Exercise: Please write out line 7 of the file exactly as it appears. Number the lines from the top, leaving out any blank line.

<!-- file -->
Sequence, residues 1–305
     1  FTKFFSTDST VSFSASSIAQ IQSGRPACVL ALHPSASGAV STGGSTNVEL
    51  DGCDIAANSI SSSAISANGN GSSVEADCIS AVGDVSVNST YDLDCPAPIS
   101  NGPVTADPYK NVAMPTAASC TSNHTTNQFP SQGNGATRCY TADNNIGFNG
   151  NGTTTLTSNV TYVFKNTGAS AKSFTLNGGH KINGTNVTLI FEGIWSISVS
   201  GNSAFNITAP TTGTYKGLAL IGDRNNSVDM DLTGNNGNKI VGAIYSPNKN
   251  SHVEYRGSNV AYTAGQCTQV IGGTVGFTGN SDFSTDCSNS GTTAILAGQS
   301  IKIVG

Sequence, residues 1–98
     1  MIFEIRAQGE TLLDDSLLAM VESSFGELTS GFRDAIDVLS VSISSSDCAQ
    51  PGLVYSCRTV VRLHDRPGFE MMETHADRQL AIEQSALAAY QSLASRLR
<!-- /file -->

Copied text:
   251  SHVEYRGSNV AYTAGQCTQV IGGTVGFTGN SDFSTDCSNS GTTAILAGQS